The latest bill filed by Rep. Darrell McCormick probably will fall into that “never see the light of day” category, but it’s intriguing if only for the precedent it would set just by making it through committee. McCormick, a Republican who represents eastern Surry County and all of Yadkin County, has proposed legislation allowing a recall of county commissioners in Yadkin between now and the end of 2010. Triggering such a recall election would require as many signatures as the votes received by the commissioner in the last election. I don’t follow Yadkin politics closely anymore, but I imagine this issue is fueling sentiment to pick off some commissioners with unpopular views.

If the bill somehow gets through the General Assembly, imagine how many other counties might ask for this same option. That alone probably sinks its chances, meaning voters will need long memories when commissioners come up for re-elections. Most unpopular decisions fade from view by the time the next election cycle comes round.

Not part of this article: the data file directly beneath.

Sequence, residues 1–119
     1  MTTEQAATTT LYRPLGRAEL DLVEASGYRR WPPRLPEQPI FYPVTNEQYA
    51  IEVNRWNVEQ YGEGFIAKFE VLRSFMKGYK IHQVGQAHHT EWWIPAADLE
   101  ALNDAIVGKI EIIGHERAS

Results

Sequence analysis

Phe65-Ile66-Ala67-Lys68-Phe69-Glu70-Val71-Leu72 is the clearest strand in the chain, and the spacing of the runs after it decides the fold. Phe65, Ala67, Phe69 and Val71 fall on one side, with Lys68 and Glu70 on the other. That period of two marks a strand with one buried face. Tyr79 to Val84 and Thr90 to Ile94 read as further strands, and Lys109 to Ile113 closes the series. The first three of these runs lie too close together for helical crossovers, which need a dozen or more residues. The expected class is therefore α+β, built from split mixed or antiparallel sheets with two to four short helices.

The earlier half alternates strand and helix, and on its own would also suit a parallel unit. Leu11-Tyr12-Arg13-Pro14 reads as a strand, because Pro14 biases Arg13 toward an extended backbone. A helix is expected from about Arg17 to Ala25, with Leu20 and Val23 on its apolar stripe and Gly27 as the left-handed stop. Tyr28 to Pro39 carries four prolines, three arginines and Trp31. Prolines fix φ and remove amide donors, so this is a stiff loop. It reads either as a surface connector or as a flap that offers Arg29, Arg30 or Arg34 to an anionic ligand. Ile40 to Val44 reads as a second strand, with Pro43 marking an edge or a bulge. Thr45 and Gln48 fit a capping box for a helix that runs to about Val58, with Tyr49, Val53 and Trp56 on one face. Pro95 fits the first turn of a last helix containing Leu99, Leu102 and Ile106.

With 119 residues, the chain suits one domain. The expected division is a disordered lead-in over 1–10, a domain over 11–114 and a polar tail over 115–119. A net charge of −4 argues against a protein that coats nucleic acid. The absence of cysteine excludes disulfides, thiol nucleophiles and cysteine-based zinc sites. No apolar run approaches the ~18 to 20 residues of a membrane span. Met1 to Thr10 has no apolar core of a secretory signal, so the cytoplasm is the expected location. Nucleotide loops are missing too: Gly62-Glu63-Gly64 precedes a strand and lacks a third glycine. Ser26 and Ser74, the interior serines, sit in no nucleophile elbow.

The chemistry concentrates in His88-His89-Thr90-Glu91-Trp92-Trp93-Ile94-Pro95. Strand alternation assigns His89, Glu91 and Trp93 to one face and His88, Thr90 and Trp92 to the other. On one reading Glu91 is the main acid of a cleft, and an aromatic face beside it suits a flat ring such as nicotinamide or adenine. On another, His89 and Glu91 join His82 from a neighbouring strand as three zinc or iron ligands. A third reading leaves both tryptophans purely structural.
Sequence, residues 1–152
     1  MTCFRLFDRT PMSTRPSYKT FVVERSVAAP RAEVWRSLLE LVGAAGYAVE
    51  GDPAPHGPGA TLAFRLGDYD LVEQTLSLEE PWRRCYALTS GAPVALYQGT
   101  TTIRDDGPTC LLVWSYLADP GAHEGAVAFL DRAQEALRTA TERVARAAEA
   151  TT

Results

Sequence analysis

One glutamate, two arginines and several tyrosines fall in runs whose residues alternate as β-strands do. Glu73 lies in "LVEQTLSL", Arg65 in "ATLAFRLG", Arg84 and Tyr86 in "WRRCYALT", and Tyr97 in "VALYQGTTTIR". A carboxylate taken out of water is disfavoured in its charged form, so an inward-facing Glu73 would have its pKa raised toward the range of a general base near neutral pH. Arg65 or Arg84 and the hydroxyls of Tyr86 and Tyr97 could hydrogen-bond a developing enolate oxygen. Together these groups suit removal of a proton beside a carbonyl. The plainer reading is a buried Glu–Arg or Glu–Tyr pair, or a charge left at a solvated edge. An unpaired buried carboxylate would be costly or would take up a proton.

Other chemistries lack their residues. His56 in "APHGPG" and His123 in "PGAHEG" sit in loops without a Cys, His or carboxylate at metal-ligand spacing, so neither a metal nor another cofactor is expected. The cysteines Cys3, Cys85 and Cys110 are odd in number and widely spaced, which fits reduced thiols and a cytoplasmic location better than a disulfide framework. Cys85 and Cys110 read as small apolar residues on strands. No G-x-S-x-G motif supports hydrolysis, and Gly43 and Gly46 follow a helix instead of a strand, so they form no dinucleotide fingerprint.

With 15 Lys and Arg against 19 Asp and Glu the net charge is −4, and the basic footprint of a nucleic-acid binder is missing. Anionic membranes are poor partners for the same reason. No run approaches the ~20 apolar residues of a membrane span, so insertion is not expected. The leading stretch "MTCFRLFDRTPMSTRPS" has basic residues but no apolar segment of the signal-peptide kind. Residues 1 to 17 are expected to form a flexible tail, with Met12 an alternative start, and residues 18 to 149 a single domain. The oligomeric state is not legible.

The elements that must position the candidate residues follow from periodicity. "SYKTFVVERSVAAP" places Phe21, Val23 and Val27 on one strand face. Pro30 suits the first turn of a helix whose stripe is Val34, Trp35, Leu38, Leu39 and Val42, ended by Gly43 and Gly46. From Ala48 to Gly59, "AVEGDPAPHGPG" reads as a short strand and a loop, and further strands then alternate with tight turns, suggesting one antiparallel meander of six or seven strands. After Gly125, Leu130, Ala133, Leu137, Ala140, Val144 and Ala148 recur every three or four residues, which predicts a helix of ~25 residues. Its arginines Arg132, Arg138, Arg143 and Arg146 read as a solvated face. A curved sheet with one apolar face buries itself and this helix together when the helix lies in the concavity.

What other bills have our local legislators filed as primary sponsors this session? Rep. Sarah Stevens has called for Motorcycle Awareness Month, a sharper crackdown on public school bullying, and allowing teens aged 15-18 to receive volunteer firefighting and rescue squad training. Sen. Don East has called for reducing the corporate income tax rate,  giving each school board to authority to set its own school start date, and funds for a Forsyth Technical Community College campus in Stokes County. McCormick is among those behind the bill to change the name of the lottery and also wants to create a committee studying grandparents’ visitation rights.

All of these bills are worth more study on their impact if they make it out of committee. That’s a big if. There are long odds against any bill making it to a floor vote, espeically those filed by freshmen legislators in the minority party.